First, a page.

“The longer the album was out, the more and more it gained importance. i noticed over the years that people started to look back at their period of music and that era and ‘The Black Parade’ always comes up as one of the records of that era. But that’s been the crazy thing to see. Even the world that is in the record emerge through people’s art and writing into this entire universe. It’s been amazing to see the album regarded in the way it is today.

I feel like originally was a kind of warning. it felt like a display of organs that you reach in deep to and pull out for everything to take a look at. It’s exciting that people are discovering that again. But what’s the message? Stay alive. Live your life. Be kind. Don’t be so hard on yourself.”

Gerard Way


Here was an ambitious concept record that mixed piano ballads, vaudeville and knuckle-cracking punk/pop that attracted an older audience, while still holding their teen fanbase in thrall. The result was that The Black Parade sold well over three million, making MCR one of the hottest US rock acts around.

Yet the album quickly became an albatross, a burden exacerbated by tabloid outrage, which in 2008 linked the band to a self-harming cult among their teenage fans. “ The Black Parade ,” explains Way – who, sitting cosily in a sofa chair, expresses himself via a gentle and sincere flow of words – “was a burden emotionally and physically, as well as culturally being a heavy weight. But then I learnt to love it again, which came down to playing the shows, and seeing the responses to it.

“The process of re-engagement with the album began with honestly sitting down and doing media interviews like this, and also just talking to people about it. When we were touring it for over two years, we didn’t realise what it meant to people. We had no perception of it because we didn’t look for it. All we felt was the negative cultural impact – not bad reviews of shows or albums, but rather the tabloidism that went around.”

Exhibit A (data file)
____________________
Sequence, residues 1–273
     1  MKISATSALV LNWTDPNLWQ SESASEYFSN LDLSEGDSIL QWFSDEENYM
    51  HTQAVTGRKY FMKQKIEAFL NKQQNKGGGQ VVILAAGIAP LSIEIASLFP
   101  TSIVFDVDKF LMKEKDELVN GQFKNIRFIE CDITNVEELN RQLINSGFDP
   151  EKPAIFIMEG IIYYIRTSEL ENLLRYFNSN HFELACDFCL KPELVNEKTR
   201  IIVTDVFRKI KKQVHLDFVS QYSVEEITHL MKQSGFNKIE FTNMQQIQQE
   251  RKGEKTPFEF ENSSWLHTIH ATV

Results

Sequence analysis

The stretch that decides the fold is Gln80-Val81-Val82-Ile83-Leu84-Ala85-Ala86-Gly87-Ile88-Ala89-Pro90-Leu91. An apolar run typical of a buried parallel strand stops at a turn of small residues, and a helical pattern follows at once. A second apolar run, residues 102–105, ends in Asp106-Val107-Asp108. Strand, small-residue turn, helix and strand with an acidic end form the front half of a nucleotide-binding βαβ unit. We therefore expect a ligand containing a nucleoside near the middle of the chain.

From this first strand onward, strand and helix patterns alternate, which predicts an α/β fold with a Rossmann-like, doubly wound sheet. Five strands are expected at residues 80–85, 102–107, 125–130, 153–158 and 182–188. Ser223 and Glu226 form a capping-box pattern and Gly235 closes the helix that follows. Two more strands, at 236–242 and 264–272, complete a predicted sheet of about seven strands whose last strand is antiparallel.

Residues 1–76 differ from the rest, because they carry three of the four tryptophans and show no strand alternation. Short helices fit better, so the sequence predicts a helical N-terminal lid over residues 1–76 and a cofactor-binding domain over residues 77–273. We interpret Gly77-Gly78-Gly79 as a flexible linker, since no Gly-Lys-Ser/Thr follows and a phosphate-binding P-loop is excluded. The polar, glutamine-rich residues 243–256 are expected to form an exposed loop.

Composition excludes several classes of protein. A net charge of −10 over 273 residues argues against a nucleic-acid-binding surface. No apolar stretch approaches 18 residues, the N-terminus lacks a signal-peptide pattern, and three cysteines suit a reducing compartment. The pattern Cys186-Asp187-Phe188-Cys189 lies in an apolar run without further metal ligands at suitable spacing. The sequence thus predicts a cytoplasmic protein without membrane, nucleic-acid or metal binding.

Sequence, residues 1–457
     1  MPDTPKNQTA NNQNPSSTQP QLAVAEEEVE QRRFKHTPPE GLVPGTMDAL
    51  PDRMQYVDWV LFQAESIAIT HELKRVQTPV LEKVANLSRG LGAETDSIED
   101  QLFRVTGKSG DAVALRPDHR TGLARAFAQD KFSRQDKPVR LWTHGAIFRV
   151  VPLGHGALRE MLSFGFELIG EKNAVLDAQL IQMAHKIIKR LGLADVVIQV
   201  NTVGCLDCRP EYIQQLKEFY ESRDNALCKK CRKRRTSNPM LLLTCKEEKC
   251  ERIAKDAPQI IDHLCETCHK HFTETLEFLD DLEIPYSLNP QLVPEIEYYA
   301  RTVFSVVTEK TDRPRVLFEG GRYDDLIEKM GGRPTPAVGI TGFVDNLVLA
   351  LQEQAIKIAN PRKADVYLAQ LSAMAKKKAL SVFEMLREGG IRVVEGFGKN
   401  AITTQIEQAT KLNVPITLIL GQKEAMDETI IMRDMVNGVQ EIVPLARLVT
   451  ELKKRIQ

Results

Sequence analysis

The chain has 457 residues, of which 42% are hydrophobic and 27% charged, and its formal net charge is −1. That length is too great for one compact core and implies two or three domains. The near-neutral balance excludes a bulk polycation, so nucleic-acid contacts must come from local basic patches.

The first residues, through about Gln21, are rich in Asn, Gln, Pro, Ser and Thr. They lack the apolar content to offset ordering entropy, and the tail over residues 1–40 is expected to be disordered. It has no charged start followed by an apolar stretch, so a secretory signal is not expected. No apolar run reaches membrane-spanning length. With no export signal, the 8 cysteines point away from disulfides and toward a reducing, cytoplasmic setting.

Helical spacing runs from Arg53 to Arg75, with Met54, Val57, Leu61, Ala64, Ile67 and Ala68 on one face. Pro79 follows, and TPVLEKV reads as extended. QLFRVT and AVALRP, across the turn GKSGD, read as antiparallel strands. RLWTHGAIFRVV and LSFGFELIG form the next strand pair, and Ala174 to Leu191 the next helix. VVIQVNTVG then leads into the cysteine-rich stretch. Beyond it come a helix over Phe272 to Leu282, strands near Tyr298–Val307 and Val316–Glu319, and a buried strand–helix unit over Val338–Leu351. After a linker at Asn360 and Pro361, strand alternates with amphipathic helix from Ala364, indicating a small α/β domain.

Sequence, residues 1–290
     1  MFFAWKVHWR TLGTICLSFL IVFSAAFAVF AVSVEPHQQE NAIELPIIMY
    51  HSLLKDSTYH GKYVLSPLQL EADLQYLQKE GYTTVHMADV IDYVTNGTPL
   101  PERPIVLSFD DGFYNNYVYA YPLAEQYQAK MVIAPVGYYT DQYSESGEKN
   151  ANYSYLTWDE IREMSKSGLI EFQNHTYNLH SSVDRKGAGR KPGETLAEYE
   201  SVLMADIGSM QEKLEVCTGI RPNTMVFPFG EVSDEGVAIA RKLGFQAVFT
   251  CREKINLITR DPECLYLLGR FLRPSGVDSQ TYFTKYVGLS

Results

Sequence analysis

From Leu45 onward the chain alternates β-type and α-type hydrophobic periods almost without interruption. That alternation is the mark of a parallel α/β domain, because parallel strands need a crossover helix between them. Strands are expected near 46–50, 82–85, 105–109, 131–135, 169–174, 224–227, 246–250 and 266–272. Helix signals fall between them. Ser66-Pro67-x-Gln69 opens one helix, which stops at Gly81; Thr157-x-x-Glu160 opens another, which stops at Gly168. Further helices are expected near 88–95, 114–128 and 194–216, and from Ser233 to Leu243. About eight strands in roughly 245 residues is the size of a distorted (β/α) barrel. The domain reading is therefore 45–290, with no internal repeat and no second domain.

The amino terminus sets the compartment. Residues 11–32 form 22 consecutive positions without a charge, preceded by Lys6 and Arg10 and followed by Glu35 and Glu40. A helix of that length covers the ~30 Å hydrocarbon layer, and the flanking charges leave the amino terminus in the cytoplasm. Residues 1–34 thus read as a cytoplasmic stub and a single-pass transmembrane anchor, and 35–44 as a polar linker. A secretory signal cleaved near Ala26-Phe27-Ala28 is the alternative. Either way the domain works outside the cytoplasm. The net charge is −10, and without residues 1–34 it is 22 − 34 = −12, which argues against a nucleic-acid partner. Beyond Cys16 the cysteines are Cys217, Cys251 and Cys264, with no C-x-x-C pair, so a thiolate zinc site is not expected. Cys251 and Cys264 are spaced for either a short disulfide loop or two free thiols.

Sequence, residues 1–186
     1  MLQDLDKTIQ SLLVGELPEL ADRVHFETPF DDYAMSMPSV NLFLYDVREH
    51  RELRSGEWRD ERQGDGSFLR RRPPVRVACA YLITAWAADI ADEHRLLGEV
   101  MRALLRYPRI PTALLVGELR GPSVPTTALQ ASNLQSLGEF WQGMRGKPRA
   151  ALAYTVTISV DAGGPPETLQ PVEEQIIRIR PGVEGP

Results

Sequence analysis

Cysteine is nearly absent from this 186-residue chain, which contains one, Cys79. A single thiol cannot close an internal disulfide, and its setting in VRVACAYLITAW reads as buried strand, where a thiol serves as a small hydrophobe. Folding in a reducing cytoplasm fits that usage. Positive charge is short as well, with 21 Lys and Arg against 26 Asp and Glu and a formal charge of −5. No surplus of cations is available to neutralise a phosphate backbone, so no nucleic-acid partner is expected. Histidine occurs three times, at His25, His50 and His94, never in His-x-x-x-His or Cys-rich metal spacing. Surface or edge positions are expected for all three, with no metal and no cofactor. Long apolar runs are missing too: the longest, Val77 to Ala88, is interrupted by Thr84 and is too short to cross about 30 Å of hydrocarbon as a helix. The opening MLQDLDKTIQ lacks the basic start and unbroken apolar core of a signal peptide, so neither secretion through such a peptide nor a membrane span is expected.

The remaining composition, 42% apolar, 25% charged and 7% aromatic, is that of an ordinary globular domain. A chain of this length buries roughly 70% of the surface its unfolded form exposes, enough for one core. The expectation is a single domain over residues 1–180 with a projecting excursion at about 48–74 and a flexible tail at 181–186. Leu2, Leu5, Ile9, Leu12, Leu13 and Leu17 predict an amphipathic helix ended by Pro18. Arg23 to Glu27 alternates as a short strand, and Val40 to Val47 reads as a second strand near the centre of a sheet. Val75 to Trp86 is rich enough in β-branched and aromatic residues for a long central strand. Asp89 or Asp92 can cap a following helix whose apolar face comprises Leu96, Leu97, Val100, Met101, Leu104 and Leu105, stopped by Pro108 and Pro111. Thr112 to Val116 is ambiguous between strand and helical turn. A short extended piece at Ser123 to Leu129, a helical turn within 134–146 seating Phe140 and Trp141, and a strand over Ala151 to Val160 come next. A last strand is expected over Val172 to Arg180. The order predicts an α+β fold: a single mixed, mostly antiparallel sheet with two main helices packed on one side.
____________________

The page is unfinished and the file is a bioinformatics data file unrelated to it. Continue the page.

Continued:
““The perception about The Black Parade was that it was a full-frontal-assault-with- guns-blazing album, but it took us almost three years to sell three million records. That gradual process is how it should be, because it gives people time to digest, understand and appreciate. I know a lot of the ‘full-frontal’ kind of records – they come out, everybody goes wow, everyone wants to like them straight away, yet within a few months they get bored with them; within a year or so, they don’t talk about them at all. A challenging record is one that people have to think about, and that will last longer.”

It’s one of those things where I think, the last record, was about life and death. It’s like life: you can’t have the good times without the bad times, the happy without the sad. So when you’re writing a concept record about life and death, you have to have that.

I think when you’re younger – we were only a band for, like, six years? We were still a young band and you can wear your influences on your sleeve a little bit more.

On March 1st we began the process of moving to Los Angeles to continue with preproduction. We left NYC because we felt that we needed a change of scenery. When we arrived in Los Angeles, we moved into an extremely haunted mansion called ‘The Paramour.’ This house had a huge history of odd and mysterious things occurring inside.

Some of us laughed it off; others (cough, cough, me) found the house frightening. As luck would have it, I would end up in the scariest (and later found from past residents) and most haunted room. To add to it, there was a single light bulb hanging from the ceiling that didn’t provide light, but an eerie glow. Dogs barking at thin air, doors slamming in front of people (Frankie and Gerard) and bathtubs filling with water when no-one was home (Bob).

We set up shop in a huge ballroom, chock full of creepy paintings, furniture, and statues. The material started to flow and coincidentally, the sound became more sinister, and the riff and lyrics more biting. Songs such as ‘This Is How I Disappear’ and ‘Mama’ had these booming sinister sections. Songs such as ‘Sleep’ and ‘Famous Last Words’ poured out. ‘I Don’t Love You’ became even more biting and sorrowful (as if it wasn’t already). Song after song was painted beautifully and painfully. We took out every frustration, screamed for every hope, and spoke out of our minds, night after night.

Mikey Way, The Black Parade Special Edition Booklet